Tom Jones

Tom Jones

Tom Jones

Tom Jones

Synopsis

Fielding's comic masterpiece of 1749 was immediately attacked as `A motley history of bastardism, fornication, and adultery'. Indeed, his populous novel overflows with a marvellous assortment of prudes, whores, libertines, bumpkins, misanthropes, hypocrites, scoundrels, virgins, and all too fallible humanitarians. At the centre of one of the most ingenious plots in English fiction stands a hero whose actions were, in 1749, as shocking as they are funny today. Expelled from Mr Allworthy's country estate for his wild temper and sexual conquests, the good-hearted foundling Tom Jones loses his money, joins the army, and pursues his beloved across Britain to London, where he becomes a kept lover and confronts the possibility of incest. Tom Jones is rightly regarded as Fielding's greatest work, and one of the first and most influential of English novels. This carefully modernized edition is based on Fielding's emended fourth edition text and offers the most thorough notes, maps, and bibliography. The introduction uses the latest scholarship to examine how Tom Jones exemplifies the role of the novel in the emerging eighteenth-century public sphere.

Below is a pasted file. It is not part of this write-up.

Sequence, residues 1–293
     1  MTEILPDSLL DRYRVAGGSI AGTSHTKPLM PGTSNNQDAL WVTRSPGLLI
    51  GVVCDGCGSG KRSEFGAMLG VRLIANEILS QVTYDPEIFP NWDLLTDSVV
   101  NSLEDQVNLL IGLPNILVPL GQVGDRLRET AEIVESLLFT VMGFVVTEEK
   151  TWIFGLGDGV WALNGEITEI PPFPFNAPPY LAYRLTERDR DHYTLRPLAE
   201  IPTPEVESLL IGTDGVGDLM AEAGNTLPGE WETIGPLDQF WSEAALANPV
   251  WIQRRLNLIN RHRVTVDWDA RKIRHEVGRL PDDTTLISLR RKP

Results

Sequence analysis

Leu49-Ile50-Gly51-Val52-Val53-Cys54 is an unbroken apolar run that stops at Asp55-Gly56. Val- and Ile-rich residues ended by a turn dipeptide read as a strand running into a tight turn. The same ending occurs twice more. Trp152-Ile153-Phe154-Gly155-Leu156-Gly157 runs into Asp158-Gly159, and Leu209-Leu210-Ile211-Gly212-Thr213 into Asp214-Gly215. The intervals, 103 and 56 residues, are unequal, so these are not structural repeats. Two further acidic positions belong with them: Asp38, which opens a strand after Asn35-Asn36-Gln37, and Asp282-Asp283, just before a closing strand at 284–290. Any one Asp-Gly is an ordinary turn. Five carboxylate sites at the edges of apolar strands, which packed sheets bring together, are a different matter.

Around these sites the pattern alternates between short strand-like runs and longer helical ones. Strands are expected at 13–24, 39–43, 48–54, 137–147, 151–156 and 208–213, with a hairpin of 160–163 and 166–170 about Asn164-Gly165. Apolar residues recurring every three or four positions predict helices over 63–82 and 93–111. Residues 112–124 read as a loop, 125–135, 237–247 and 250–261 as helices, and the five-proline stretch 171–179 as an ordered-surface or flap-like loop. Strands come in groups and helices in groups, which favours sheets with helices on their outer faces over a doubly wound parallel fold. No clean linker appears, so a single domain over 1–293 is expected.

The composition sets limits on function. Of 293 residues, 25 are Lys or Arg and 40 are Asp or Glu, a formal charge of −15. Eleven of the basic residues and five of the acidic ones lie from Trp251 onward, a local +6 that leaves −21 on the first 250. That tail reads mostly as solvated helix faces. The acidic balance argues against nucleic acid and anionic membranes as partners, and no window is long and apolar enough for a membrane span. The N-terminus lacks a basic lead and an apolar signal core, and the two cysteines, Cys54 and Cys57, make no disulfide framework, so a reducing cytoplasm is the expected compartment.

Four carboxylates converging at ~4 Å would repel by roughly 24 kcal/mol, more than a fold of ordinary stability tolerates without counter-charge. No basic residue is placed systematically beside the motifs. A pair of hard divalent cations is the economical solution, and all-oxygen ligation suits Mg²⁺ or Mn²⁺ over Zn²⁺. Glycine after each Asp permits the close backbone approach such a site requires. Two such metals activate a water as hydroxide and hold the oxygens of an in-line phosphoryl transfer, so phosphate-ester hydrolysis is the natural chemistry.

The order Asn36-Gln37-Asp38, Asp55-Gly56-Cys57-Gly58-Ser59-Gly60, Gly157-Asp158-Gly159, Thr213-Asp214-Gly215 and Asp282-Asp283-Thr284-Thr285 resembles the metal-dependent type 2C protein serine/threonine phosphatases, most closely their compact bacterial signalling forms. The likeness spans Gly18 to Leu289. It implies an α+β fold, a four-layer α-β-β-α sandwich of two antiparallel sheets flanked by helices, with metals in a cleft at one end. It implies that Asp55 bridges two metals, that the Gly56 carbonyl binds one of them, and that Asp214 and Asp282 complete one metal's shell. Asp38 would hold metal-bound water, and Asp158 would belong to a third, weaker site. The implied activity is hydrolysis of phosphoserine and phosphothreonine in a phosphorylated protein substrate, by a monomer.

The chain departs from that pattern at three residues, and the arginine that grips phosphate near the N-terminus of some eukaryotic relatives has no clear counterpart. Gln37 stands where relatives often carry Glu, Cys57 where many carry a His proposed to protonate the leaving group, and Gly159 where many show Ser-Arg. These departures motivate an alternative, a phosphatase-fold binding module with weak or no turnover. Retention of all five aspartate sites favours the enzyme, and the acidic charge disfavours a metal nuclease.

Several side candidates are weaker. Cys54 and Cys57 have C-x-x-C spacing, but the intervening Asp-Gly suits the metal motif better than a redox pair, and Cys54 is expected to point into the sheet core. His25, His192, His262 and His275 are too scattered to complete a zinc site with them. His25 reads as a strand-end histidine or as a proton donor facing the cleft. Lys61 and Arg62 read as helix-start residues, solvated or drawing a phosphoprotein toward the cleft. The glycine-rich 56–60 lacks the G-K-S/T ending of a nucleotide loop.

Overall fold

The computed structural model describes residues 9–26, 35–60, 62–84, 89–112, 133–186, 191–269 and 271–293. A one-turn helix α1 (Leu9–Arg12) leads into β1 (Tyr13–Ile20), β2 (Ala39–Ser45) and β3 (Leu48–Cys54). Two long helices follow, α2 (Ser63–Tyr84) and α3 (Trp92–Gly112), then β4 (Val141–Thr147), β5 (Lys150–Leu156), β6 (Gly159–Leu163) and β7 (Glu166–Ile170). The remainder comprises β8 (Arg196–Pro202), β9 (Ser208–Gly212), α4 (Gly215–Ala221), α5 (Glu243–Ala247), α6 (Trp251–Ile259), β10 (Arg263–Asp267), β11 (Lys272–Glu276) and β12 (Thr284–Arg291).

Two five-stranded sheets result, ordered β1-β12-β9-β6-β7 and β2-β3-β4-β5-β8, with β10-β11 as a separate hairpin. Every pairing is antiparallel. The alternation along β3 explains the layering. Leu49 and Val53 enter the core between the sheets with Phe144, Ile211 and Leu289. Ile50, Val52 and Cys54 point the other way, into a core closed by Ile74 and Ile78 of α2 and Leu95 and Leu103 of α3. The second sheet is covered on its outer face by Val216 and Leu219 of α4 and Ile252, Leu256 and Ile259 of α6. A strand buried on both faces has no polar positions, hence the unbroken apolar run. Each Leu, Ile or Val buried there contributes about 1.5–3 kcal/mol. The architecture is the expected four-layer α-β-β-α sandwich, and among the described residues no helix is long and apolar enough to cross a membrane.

Excerpt

An author ought to consider himself, not as a gentleman who gives a private or eleemosynary treat, but rather as one who keeps a public ordinary, at which all persons are welcome for their money. In the former case, it is well known that the entertainer provides what fare he pleases; and though this should be very indifferent, and utterly disagreeable to the taste of his company, they must not find any fault; nay, on the contrary, good breeding forces them outwardly to approve and to commend whatever is set before them. Now the contrary of this happens to the master of an ordinary. Men who pay for what they eat will insist on gratifying their palates, however nice and whimsical these may prove; and if everything is not agreeable to their taste, will challenge a right to censure, to abuse, and to d--n their dinner without control.

To prevent, therefore, giving offence to their customers by any such disappointment, it hath been usual with the honest and well-meaning host to provide a bill of fare which all persons may peruse at their first entrance into the house; and having thence acquainted themselves with the entertainment which they may expect, may either stay and regale with what is provided for them, or may depart to some other ordinary better accommodated to their taste.

As we do not disdain to borrow wit or wisdom from any man who is capable of lending us either, we have condescended to take a hint from these honest victuallers, and shall prefix not only a general bill of fare to our whole entertainment, but shall like-

Search by... Author
Show... All Results Primary Sources Peer-reviewed

Oops!

An unknown error has occurred. Please click the button below to reload the page. If the problem persists, please try again in a little while.